Rosy Boa

Lichanura trivirgata

Order: Squamata

Husbandry Information

Housing Requirements

  • Temperature, Humidity, & Lighting:
    • Temperature:
    • Humidity:
    • Lighting:
  • Substrate:

Diet Requirements

Veterinary Concerns

Notes on Enrichment & Training

Other

Colony or Breeding Management

Notes species is housed or managed socially or for breeding purposes.

Individual Identification

Dimorphism or practiced ways to individually mark species (such as those in colonies, like giant millipedes).

Programmatic Information

Transportation

hot water bottle

Temperature Guidelines

  • Brandywine Zoo: During cool weather (under 65°F), supplemental heat is provided with a hot water bottle set to one side of the cooler. Wrap bottle with newspaper for lizards or snakes traveling with the bottle loose, to make cleanups easier in the case of defecation while traveling.

 

Crating:

  • Brandywine Zoo: reptiles travel in a Coleman style coolers that have been amended with extra ventilation holes on the lid (with a wood-burning tool). Small and medium sized snakes travel inside an inside-out, knotted pillowcase. Large snakes travel loose in the cooler that is also bungeed shut. For lizards, the cooler is lined with newspaper.
  • lg cooler sm cooler cooler

Tips on Presentation

Touching Techniques

Tips on Handling

 

Potential Messaging

  • In general, animals seen at the zoo do not make good pets. Most have specialized dietary, veterinary, housing, and social needs that are difficult or impossible for even dedicated pet owners to meet. Always ensure that your future pet has not been taken from the wild. Capture of wild animals for the pet trade has significantly damaged the survival prospects of species such as sloths, tamanduas, and many parrots. Captured animals are typically mistreated by profit-motivated traffickers and dealers, resulting in many animal deaths; well-meaning animal lovers may feel like they are rescuing animals by purchasing them but are really perpetuating the cruelty. In addition, many exotic pets are released by their owners when they become too dangerous or demanding, often with devastating effects on local ecosystems. Animals that should never be kept as pets include all bats, primates, and exotic carnivores. Birds, fish, and reptiles have specialized needs, are frequently wild-caught, and damage the local environment if released; guests should be advised to educate themselves and proceed with caution. Domestic dogs and cats are almost always the best option! Many deserving animals are available for adoption at animal shelters. http://www.philadelphiazoo.org/Save-Wildlife/Images/PetWalletBro2012.aspxhttp://pin.primate.wisc.edu/aboutp/pets/index.html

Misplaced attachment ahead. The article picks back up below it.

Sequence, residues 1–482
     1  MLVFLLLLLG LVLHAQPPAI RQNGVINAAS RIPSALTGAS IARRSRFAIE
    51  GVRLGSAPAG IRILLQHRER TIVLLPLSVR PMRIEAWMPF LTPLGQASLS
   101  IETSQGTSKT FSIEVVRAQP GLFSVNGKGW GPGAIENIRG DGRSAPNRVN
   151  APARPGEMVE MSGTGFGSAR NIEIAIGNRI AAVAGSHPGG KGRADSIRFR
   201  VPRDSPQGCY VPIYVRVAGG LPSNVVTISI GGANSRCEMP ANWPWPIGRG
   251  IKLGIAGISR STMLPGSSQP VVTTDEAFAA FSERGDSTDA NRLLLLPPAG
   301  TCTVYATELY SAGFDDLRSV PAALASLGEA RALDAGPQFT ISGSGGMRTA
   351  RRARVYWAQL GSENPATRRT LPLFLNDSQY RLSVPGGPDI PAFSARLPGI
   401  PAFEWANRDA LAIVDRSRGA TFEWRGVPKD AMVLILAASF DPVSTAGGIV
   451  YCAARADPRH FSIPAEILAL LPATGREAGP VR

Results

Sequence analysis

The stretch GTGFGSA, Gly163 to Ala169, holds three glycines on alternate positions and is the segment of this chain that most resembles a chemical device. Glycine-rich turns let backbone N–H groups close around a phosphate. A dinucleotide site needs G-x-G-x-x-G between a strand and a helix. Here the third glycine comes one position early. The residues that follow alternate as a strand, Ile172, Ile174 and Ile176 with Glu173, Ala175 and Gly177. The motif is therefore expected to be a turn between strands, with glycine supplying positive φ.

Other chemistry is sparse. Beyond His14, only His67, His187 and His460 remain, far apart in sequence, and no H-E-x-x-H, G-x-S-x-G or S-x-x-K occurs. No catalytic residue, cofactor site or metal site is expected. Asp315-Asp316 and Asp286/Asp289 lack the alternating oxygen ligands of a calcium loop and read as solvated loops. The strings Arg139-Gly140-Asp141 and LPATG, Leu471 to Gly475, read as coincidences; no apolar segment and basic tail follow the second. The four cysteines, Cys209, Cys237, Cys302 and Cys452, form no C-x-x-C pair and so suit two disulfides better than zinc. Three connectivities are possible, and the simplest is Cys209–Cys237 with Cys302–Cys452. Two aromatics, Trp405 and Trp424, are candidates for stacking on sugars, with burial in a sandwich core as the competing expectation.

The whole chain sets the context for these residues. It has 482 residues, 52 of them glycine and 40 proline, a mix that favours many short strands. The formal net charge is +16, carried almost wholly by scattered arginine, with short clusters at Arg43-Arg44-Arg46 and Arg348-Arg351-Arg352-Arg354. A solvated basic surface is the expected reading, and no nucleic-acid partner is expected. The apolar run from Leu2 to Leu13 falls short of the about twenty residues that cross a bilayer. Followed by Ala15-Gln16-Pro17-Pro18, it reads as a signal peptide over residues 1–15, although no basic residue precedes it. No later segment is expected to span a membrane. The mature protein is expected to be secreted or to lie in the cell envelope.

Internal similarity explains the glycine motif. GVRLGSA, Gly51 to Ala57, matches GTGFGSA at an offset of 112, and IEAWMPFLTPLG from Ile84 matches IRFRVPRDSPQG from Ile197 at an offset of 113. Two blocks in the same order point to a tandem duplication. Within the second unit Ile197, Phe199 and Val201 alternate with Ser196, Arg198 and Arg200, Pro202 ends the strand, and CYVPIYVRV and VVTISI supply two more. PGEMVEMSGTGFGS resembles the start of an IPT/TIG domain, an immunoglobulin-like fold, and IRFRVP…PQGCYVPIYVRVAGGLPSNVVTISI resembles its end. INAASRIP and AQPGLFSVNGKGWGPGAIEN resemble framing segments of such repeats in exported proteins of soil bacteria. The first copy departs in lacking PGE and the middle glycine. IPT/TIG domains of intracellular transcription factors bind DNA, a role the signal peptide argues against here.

• Snakes are an important link in the food chain. They provide food for many bird and mammal species that prey on them. The main diet of most snakes is rodents. Therefore, snakes provide a very valuable service – pest control. Most snakes are non-venomous and will avoid humans if they can. Venomous snakes want to use their venom to kill small prey animals or to defend themselves; since humans are too big to be considered prey by most snakes, the best way to avoid a bite is not to make the snake feel threatened. Ask guests to avoid any snakes they may see in the wild and appreciate them from a distance. http://www.capesnakeconservation.com/snake-conservation-whats-the-point/http://www.humanesociety.org/issues/rattlesnake_roundups/facts/rattlesnake_roundups.html

Acquisition Information

 

Comments from the Rating System

  • Lee Richardson Zoo: One individual was our most popular snake for many years before inexplicably becoming a “biter.” We have yet to discover the reason for this behavior change and have been unable to work with her to reliably change the behavior.
  • Zoo New England, Stone Zoo: Our individual has some “tricks” but I don’t know if this is across-the-board for Rosy boas. Difficult eater, but otherwise a great program snake.

Natural History Information

Range and Habitat

Rocky deserts and semi-desert grassland in the southwest United States and northwest Mexico.

Physical Description

Rosy boas are usually 2-3 feet long. Their coloring varies depending on the location and the subspecies (there are thought to be 4). Their body can be cream, buff, or gray, and they have 3 wide longitudinal stripes that can range from black to reddish brown, brown, or orange. Juveniles are lighter than adults. The scales are smooth and shiny. The head is only slightly wider than the neck, and the eyes are small with vertical pupils. They do not have the large plate-like scales on the head that are found in many other boas.

Life Cycle

Can live up to 18 years in captivity.

Behavior

They use rodent burrows, or sometimes bury themselves in sand or loose soil. In the colder parts of their range, they hibernate through the winter. Although they prefer habitats with little vegetation, they are excellent climbers, and will climb into bushes to capture birds.

If they are threatened, they coil into a ball, hiding their head within the body coils for protection.

Threats and Conservation Status

Rosy boas are listed on CITES Appendix 2. Although they are protected, many are illegally captured for the pet trade by using crowbars to break open the rocky crevices where they live. They are also affected by habitat destruction.

Did you know…

Photographs

 

Documents

Any Documents to attach, species spotlights, etc.

Contributors and Citations

  • Houston Zoo, Natural Encounters